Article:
Biography

 

pppppppMaritza Solis is currently attending the University of North Texas; she has one semester to graduate with a degree in Journalism and Spanish. UNT was he first chose because they had great journalism school. She always wanted to be an author, but she put that dream in paused to become a writer for a Literature Magazine or Spanish magazine. She is very proud of being Mexican-American; both her parents immigrated from Zacatecas, Mexico to live the “American Dream.”

She wants to show her parents that:

Maritza is the second youngest out of five siblings. She was born in Ontario, California in a suburban neighborhood, everything near by, and she had an almost perfect childhood. Until, her parents decided to move to Texas, the state where she thought they rode horse to school (nobody really ever talked about Texas in the west coast).  She was twelve when she, her sister Elizabeth and parents moved to Round Rock, Texas.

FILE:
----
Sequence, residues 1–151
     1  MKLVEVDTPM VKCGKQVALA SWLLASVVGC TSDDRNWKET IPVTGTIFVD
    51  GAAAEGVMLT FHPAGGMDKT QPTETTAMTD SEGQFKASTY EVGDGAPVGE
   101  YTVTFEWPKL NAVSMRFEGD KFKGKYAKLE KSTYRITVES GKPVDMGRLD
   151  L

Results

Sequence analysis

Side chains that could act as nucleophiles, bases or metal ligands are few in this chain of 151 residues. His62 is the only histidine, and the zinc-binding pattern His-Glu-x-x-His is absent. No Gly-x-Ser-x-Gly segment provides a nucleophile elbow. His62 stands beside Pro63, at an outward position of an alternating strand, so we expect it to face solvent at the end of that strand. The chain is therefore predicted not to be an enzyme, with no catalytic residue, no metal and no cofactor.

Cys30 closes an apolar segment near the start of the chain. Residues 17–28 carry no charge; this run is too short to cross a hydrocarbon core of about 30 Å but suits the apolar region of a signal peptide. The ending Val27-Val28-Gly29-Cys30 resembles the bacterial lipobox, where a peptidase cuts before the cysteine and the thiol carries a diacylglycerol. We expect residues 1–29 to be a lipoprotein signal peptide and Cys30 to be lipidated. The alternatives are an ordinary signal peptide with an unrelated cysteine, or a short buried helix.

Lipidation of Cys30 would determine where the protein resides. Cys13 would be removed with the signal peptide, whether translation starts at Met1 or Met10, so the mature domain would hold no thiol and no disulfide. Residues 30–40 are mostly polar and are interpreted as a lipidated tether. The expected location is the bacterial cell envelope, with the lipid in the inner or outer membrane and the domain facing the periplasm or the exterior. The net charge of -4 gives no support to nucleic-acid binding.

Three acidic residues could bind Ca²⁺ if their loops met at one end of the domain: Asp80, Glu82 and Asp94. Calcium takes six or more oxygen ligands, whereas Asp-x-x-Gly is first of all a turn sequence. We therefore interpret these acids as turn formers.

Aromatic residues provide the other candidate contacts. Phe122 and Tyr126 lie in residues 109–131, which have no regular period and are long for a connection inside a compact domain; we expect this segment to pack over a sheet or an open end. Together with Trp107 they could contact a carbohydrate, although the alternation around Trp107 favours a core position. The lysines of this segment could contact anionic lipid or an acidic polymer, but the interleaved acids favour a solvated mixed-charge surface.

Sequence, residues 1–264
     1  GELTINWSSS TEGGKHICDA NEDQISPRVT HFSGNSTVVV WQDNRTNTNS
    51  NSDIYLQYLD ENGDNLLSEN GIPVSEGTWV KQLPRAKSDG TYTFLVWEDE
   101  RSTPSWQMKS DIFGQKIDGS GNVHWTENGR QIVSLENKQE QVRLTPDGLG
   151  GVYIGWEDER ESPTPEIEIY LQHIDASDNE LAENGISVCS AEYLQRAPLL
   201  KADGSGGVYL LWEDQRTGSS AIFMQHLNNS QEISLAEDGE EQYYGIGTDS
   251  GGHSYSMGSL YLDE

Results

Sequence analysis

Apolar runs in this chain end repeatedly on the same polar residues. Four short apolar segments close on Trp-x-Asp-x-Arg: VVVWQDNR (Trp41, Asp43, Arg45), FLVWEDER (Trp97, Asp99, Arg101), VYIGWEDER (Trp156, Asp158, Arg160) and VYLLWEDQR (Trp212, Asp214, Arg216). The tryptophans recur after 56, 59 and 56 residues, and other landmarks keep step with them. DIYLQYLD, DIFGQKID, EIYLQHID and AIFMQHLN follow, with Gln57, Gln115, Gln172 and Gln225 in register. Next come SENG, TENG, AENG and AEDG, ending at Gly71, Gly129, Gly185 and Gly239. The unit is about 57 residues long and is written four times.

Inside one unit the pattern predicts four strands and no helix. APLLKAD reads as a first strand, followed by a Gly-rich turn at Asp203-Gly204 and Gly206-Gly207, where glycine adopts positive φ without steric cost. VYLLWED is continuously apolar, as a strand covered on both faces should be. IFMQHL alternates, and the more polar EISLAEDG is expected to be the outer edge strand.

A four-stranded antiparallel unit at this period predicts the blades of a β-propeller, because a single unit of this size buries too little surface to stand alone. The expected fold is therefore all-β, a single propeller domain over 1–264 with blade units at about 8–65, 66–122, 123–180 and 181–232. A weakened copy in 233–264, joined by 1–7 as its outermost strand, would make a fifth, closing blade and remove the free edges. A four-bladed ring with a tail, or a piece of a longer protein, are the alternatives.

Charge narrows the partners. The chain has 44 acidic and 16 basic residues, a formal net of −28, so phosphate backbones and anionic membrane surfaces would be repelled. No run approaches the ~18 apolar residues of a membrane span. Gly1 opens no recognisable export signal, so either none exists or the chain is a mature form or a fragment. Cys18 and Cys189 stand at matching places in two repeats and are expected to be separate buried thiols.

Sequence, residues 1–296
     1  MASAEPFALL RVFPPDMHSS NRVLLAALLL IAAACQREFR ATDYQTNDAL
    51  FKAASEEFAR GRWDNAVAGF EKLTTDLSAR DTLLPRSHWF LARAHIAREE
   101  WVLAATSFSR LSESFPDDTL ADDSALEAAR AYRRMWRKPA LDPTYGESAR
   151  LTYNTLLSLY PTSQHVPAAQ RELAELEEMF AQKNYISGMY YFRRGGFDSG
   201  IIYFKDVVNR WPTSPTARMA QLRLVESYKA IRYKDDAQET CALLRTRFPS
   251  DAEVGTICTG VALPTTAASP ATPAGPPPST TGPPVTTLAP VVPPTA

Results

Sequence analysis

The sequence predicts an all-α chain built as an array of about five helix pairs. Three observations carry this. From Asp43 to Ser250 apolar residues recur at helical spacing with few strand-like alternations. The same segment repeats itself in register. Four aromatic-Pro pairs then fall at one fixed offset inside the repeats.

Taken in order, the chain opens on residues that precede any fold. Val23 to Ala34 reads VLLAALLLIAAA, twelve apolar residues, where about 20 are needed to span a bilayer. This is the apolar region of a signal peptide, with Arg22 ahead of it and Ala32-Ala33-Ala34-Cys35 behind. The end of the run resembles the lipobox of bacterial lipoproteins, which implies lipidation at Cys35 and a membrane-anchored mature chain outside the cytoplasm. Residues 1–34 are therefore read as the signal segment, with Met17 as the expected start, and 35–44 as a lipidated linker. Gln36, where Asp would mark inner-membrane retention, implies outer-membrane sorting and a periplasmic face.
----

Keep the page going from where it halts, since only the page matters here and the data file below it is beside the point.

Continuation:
Maritza really discovered her passion for books when she was in the eight-grade. She has read from Teen Fiction, Romance, Horror, SyFy, poetry, and short stories etc. Her favorite novel is Pride and Prejudice by Jane Austen; it opened up the world of British literature.  She fell in love with style of writing, like if they were reciting a poem. This led her to get a hold of any feminism literature she could fine, in English and in Spanish.

She is a huge fan of the Los Angeles Dodgers, and she hopes one day she will marry the Shortstop rookie, Corey Seager. Her family loves watching baseball, soccer, and old movies. Her dad influenced her love for classic black & white films in Spanish, while her mother thought her to cook Mexican cuisine. Maritza is very close to her family, she talks to her mom everyday and talks to her siblings at least twice week; family is very important to her.

In 2015, she had the great idea of creating a website where she could share her thoughts and knowledge of literature that has created an impact in her life. She hopes that this website will open doors for her after she graduates. Maybe you’ll see her work soon published in Harper Magazine or Latina; let’s cross our fingers.

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